Patients would be allowed to try experimental drugs, but nothing in the legislation would make it mandatory for pharmaceutical companies to provide these medications.
The reasons for a company to withhold a drug are many. Giving access to preapproval drugs can be costly, particularly given the limited supply, and almost no medical insurance will cover experimental treatments. Access to the drugs will likely only be feasible for wealthy Americans who can afford to pay for the treatment, as well as the consequences of any negative side effects out of pocket.
Many drug companies also worry that making the drug available without approval opens them up to lawsuits if the drugs prove ineffective or have unforeseen side effects. The current federal rig ht to try proposal does provide some protections for companies in this regard, but until those protections have been tested in court, it is likely companies will remain cautious.
Providing the drug to patients outside of clinical trials can also be disruptive to the approval process because it can lead to data on negative clinical outcomes outside the highly controlled trial setting. While new legislation prevents this data from being used unless it is deemed "critical to determining safety," bad outcomes might give the FDA pause and delay the approval of drugs that might otherwise be available sooner.
The "right to try" legislation changes very little
Beyond these issues, federal right to try legislation will have minimal impact on the availability of experimental drugs for patients. Not only have 38 states already passed similar legislation, but the FDA already has a program in place designed to provide patients with experimental medicatio ns.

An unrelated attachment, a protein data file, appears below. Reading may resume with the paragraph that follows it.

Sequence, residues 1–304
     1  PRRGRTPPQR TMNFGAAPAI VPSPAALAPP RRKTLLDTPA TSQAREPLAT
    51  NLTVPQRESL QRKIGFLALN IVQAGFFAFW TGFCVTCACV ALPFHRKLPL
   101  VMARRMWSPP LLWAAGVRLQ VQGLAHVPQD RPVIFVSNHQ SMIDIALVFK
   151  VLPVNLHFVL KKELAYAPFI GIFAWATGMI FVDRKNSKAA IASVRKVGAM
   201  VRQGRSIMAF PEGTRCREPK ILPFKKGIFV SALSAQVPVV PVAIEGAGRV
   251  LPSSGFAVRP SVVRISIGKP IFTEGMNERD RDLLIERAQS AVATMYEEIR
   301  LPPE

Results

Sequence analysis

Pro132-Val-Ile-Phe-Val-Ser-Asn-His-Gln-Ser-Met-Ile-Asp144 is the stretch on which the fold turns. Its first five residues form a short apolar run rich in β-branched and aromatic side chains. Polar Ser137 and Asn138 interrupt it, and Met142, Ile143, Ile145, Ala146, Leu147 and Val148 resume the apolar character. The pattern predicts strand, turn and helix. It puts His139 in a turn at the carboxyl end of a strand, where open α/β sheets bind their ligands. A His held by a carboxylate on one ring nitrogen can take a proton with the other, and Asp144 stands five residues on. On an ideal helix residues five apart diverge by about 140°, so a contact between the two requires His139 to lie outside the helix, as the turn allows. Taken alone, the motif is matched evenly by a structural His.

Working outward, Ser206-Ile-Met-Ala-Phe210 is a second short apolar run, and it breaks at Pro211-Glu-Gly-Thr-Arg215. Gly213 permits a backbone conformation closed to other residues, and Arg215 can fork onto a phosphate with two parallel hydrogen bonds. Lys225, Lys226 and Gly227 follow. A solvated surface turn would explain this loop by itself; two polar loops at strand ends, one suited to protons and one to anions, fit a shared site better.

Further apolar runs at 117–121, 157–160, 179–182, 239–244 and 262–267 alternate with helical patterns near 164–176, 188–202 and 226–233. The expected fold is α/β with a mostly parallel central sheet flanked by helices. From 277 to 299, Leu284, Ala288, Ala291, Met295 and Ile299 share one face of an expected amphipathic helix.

This program, known as the "compassionate use" program, performs essentially the same function as the right to try legislation, allowing patients to try experimental drugs after approval from a review board and panel of experts. In recent years, the FDA has approved 5,816 of 5,849 requests â" a 99.4 percent approval rate.
While right to try would eliminate the FDA's role in this process, the legislation does little more than slightly simplify a process that already exists to ensure that those who need experimental medications have access to them.
More harm than good?
Ultimately, we believe right to try is poised to give the Trump administration a political win on a popular public policy but will do little to change the status quo for terminally ill patients. Some opponents say, if anything, it could give terminally ill patients false hope for new access to drugs they already can obtain through existing FDA policy.
Even if right to try does simplify federal regulation, patients must still convince a reticent pharmaceutical industry to provide drugs outside of trials, and patients must still bear the costs for these experimental treatments, which is out of reach for almost all Americans.
The right to try legislation will score the president and members on both sides of the aisle in Congress points, but ultimately it will change little for terminally ill patients and their families.
This article was originally published on The Conversation. This is an updated version of a story first published February 8, 2018.The Conversation
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What is "right to tr y" and will it help patients?